And that brings me, finally, to our work on corporate culture. We are indebted to a coalition of partners who helped us produce our report “Corporate Culture and the Role of Boards” in July; in particularly I should like to thank the CIPD, CIMA, the IBE, the CIIA and the City Values Forum, for their work.
Our report sets out a number of key observations and examples of best practice. In particular, it encourages Boards to:
- Recognise the value of culture: A healthy corporate culture is a valuable asset, a source of competitive advantage and vital to the creation and protection of long-term value. It is the board’s role to determine the purpose of the company and ensure that the company’s values, strategy and business model are aligned to it. Directors should not wait for a crisis before they focus on company culture.
- Demonstrate Leadership: Leaders, in particular the chief executive, must embody the desired culture, embedding this at all levels and in every aspect of the business. Boards have a responsibility to act where leaders do not deliver. Remuneration decisions. Decisions must be consistent with the desired culture. This includes decisions on appointments and remuneration incentives.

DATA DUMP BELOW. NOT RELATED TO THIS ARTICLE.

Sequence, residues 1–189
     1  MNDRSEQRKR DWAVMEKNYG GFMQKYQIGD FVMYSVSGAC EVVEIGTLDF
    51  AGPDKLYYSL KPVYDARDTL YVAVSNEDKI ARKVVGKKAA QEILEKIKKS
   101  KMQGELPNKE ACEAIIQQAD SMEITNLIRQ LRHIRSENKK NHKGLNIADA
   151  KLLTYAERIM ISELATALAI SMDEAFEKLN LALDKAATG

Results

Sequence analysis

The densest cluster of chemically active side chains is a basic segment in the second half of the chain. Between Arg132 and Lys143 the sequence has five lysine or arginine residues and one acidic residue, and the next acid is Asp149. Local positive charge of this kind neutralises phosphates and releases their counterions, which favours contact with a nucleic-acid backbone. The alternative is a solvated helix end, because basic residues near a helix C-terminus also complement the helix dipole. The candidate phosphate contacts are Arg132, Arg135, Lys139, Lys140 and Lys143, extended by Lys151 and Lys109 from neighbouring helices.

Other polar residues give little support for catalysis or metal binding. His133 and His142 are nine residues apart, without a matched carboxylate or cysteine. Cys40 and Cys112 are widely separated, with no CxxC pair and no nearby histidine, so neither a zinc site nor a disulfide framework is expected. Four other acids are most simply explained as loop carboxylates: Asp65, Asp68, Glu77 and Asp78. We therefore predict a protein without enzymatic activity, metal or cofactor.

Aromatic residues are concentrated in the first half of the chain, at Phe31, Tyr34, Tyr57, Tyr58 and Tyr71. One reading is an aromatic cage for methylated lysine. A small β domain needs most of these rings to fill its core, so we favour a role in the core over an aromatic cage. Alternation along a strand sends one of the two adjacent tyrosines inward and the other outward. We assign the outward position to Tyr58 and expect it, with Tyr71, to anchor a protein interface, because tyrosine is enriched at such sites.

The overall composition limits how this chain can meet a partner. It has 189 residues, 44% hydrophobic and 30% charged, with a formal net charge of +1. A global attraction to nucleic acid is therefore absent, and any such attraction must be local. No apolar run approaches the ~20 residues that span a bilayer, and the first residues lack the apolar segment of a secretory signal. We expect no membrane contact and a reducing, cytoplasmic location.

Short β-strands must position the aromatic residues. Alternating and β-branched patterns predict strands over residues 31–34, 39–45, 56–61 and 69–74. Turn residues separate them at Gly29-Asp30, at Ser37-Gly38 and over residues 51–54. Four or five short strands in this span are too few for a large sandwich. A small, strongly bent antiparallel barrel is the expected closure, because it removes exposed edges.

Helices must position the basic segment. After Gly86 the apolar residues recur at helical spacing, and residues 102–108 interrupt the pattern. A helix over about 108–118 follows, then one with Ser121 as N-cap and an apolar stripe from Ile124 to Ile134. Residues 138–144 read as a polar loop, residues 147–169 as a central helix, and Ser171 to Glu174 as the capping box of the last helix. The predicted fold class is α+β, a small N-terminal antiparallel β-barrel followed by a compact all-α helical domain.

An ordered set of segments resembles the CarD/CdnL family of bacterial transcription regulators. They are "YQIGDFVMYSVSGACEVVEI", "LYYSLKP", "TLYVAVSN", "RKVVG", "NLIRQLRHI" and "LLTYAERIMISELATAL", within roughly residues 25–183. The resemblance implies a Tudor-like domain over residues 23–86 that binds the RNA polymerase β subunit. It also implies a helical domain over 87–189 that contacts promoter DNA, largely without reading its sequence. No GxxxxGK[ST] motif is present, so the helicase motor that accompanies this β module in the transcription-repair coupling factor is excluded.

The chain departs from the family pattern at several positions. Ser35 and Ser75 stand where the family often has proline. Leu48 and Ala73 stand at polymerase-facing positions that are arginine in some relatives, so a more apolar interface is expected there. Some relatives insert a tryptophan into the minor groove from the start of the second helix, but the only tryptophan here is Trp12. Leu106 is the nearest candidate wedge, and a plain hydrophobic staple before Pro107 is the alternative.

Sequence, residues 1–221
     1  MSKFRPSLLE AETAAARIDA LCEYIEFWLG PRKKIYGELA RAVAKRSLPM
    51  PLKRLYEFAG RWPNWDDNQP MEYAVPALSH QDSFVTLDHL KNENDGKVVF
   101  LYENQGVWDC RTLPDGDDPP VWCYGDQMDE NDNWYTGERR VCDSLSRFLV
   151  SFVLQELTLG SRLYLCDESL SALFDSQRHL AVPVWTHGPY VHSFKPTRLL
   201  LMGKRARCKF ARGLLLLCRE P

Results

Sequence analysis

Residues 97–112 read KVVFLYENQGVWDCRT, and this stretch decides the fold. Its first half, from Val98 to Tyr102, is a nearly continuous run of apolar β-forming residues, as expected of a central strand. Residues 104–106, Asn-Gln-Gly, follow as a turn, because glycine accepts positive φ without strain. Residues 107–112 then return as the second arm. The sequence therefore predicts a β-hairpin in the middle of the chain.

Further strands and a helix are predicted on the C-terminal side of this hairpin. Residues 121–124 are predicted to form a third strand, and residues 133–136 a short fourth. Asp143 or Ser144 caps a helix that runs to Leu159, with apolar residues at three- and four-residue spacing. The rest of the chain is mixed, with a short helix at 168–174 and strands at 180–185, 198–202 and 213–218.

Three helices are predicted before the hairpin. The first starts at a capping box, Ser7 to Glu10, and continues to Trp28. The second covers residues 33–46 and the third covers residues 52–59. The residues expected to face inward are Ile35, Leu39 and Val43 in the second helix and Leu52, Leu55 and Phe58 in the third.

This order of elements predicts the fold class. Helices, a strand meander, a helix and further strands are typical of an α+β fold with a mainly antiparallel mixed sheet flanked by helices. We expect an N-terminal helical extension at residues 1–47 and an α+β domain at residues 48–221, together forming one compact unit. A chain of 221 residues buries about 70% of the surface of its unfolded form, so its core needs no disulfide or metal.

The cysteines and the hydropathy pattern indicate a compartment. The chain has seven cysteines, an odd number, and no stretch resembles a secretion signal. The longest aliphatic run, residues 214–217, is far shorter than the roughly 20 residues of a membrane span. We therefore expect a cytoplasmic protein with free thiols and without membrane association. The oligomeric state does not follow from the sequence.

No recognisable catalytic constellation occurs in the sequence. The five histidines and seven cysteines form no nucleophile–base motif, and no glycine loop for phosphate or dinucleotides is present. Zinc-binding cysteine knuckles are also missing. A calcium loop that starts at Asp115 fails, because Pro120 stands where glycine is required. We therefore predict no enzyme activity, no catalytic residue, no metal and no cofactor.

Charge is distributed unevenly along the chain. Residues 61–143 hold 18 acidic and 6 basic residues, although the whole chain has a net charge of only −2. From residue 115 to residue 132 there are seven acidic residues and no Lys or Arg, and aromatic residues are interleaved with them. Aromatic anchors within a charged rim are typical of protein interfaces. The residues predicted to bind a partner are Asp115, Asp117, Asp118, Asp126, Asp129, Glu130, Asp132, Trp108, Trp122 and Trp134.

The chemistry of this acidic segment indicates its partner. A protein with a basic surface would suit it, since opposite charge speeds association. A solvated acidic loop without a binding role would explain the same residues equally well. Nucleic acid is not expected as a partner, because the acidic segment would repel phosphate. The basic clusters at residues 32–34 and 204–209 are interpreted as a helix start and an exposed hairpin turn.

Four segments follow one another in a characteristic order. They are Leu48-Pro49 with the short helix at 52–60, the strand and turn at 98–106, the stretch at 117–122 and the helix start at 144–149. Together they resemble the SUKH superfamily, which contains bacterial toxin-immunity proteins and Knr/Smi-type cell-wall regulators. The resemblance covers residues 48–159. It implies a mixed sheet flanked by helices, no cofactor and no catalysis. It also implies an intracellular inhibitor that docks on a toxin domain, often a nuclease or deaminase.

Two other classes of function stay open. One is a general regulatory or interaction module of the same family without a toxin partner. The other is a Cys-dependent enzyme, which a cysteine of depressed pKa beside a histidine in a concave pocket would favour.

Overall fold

- Be Open and Accountable: Openness and accountability matter at every level. Good governance means a focus on how this takes place throughout the company and those who act on its behalf. It should be demonstrated in the way the company conducts business and engages with and reports to stakeholders. This involves respecting a wide range of stakeholder interests.
- Seek to measure what behaviours are actually occurring: Such metrics should be tailored to the behaviours and include external as well as internal stakeholder views.
I should also note that increasingly investors have recognised the importance of culture and are asking questions about it in their stewardship meetings with company chairmen. Reporting of culture is currently limited but is clearly an area on which more should be done.
So, ladies and gentlemen, thank you for your time. I hope that has given you an insight into the FRC’s vision and concerns across a broad front. We see excellent progress being made in corporate reporting. We look forward to more companies following in the footsteps of the pathfinders who are putting across the story of their company with balance and clarity. And I look forward to your questions.